And as I've already mentioned, the Virgin of Guadalupe seems to be a nearly identical history as La Santa Muerte, though perhaps having a much more historical socio-political role. It was a "saint" that was frowned upon by the church, but at least appeared to unite the suffering and sometimes insurgent indigenous populations of Mexico to be part of the New Spain colony (having overtones of Mexica/Aztec "pagan beliefs"). The mystical story and unexplained details of the image of Nuestra Señora de Guadalupe has persevered (and played an important role in some of the Mexican revolutions), to where she remains the undisputed champion of Mexico as a nation and to her brothers and sisters that struggle in the face of economic adversity and personal hardships where ever it may take them (at least among modern "practicing" Catholics). Though upon looking at her history through critical eyes, its almost TOO convenient that the Virgin of Guadalupe would be an apparition to an indigenous man, that it would probably facilitate the Christian conversion of the Nahuatl-speakers, descendants of the old Mexica/Aztec empire minions, despite its controversial nature as viewed by the papal authorities.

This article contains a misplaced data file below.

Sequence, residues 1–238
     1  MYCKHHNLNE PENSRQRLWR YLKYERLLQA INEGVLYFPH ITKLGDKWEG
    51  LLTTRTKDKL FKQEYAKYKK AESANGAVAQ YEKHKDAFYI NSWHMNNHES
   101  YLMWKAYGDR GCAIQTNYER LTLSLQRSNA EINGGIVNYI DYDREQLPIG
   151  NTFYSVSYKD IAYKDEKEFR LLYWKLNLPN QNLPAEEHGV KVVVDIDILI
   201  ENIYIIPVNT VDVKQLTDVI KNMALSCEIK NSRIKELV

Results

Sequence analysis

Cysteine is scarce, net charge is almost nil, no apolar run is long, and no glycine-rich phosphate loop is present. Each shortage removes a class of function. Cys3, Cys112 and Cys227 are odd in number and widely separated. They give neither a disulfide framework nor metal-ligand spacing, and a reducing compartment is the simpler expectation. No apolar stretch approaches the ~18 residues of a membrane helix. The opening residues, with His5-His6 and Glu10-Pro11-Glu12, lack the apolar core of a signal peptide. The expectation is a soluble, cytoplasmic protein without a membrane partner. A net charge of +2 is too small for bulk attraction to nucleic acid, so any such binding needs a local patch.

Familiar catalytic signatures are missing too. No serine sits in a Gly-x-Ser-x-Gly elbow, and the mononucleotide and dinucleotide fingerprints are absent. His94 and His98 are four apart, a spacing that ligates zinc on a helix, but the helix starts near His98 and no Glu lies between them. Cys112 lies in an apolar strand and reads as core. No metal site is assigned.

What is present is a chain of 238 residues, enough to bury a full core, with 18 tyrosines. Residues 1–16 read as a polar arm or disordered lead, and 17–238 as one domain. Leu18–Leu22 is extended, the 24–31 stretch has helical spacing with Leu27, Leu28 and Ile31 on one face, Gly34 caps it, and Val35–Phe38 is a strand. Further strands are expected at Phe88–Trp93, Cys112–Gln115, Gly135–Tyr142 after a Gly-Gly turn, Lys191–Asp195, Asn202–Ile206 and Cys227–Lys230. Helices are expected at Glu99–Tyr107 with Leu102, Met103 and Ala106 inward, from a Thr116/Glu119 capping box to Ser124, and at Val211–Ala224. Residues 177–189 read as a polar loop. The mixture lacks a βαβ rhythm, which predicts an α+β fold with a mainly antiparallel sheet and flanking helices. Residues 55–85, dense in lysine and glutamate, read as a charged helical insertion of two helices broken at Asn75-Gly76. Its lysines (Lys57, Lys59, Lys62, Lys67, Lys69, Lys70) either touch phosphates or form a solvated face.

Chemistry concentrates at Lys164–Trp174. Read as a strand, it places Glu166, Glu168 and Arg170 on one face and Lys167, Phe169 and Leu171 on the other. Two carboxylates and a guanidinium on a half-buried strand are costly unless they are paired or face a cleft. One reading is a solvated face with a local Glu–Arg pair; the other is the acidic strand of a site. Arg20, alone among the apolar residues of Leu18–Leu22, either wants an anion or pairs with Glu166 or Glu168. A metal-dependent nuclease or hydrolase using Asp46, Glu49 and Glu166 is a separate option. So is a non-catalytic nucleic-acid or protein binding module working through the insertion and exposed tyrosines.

Maybe we need a Millennial Goddess as our saint in our support of the return of Frank Black like you've implied ;)

I'll need to be keeping an eye out for more stuff about La Santa Muerte so we can keep our discussion going!

And great to hear you might be taking some Spanish classes Mark! Don't hesitate to ask me if you need some help understanding something written in Spanish...

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Hi guys,

There are heaps of books available if you are able to read Spanish but if, like me, you merely an English speaker then these are the books I have purchased and whilst the don't cover the Cult Of Santisima Muerte exclusively they do touch upon devotion to her and the concept of folks saints on the whole. Much of what I have gleaned has come through watching online videos and from searching through forums and internet articles. There's a fair bit of information out there if you are interested.